Opening 21 Feb 2019
Oscar® winner Adam McKay’s (The Big Short, 2015) screenplay is a thoughtful, probing look at the American Dream, structured around an ordinary man who ascended to vice presidency under President George W. Bush (2001 – 2009). Vice follows that journey: from the 1963 hard drinking, brawling lineman in Wyoming, to White House intern in 1969, to second highest office in USA. McKay’s biopic focuses on the complexities of career moves effect on the family.
Newlywed Richard “Dick” Cheney (Bale’s performance is virtuoso) loves Lynn dearly; she (a chameleon performance by Adams) goads, cajoles, encourages, and supports her man. Becoming a White House intern, under Donald Rumsfeld’s (Carell) tutelage Dick’s star ascends in Washington, D.C.’s bureaucracy, and among Washington-insiders. Nonetheless, his family is sacred: daughters Liz (Lily Rabe) and Mary (Alison Pill) are loved, and nurtured. Truth told, in the early days Lynn endures most of child rearing as Dick becomes a quick study. Respites at home/in Wyoming allow family pursuits amongst nature, familial reunions, and quiet time for Dick’s passion, fly-fishing.
Cheney’s climb includes: White House Chief of Staff (1973-1977), U.S. Representative from Wyoming (1979-1989), U.S. Secretary of Defense (1989-1993), i.e., acquiring savvy political leverage before becoming George Bush’s running mate in the 2000 Presidential election. Often referred to as Co-president Cheney, Lynn easily dons the Mrs. VP mantle. Vice includes VP Cheney’s more infamous, quickly squelched events: shooting a 78-year-old Texas attorney in the face (without ever apologizing), draft-dodging the Vietnam War, the Plame affair, and others. Not included is Cheney using the “f---” word on the floor of Congress.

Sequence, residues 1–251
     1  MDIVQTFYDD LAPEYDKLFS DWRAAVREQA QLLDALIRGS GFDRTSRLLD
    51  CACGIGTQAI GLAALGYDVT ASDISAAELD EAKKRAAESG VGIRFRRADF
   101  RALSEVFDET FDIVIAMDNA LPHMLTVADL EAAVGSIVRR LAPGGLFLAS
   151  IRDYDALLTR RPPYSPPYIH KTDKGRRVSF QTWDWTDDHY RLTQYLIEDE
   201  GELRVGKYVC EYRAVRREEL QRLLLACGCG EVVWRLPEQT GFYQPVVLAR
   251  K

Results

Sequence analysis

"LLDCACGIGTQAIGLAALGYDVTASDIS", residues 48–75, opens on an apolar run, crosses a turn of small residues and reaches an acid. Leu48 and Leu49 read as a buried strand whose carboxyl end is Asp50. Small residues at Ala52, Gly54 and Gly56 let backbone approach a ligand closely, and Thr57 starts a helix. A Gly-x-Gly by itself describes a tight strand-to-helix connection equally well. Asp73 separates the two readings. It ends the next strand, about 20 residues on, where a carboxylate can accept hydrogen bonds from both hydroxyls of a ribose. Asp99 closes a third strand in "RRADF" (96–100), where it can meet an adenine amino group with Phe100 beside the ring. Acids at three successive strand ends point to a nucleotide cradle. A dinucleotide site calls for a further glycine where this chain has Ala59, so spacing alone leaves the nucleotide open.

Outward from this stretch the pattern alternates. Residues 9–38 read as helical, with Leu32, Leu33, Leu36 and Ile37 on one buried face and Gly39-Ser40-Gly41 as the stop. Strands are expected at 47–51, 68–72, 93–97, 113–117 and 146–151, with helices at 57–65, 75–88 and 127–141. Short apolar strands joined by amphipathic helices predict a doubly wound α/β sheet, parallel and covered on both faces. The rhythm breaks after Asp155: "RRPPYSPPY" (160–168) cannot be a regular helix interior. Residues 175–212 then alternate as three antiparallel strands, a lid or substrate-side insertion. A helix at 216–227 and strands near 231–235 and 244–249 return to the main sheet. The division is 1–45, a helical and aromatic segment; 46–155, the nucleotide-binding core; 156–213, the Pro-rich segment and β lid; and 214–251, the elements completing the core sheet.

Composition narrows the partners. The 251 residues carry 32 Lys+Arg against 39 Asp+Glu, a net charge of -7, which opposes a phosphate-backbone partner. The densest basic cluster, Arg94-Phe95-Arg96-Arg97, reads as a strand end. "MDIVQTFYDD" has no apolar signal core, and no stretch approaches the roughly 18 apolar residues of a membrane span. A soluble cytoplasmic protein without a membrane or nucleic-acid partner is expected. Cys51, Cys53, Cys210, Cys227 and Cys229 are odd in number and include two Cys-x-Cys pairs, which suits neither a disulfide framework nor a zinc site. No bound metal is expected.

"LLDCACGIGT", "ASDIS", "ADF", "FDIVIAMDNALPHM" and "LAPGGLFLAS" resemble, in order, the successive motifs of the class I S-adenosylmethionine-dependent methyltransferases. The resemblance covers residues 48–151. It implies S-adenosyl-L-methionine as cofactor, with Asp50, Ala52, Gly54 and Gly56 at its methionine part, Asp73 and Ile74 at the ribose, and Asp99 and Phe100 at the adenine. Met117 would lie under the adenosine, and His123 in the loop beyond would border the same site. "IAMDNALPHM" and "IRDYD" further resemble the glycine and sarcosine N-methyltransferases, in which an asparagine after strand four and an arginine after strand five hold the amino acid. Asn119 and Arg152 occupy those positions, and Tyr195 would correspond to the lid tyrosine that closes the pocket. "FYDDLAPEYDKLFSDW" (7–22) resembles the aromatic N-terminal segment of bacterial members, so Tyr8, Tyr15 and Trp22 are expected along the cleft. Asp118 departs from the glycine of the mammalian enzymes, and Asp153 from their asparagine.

Dark humor and archival material add equilibrium; Kurt’s (Plemons) voiceover guides us through the maze. Its seasoned, convincing cast are in top form re-imaging past Washington, D.C. powerhouses: Rockwell/G.W., Eddie Marsan/Paul Wolfowitz, Justin Kirk/Scooter Libby, Kyle S. More/Roger Ailes, LisaGay Hamilton/Condoleezza Rice, et al. Greig Fraser’s cinematography, Nicholas Britell’s music, and Hank Corwin’s editing are sterling: wait for the scene where Cheney / G. W. negotiate being running mates and its fly-fishing visual analogy.
McKay’s juxtaposing family man/politician jars: the devout husband and father that recognizes the Rules of Law, with the ruthless man who bends rules to create laws best serving his agenda. Possibly the most tragic consequence of that delicate balance is the minute, critical difference between making sacrifices on, or at, a loved one’s behalf. There is much to like about Vice, particularly knowing we are seeing history. Have people learned anything? The court is still out. 130 minutes (Marinell Haegelin)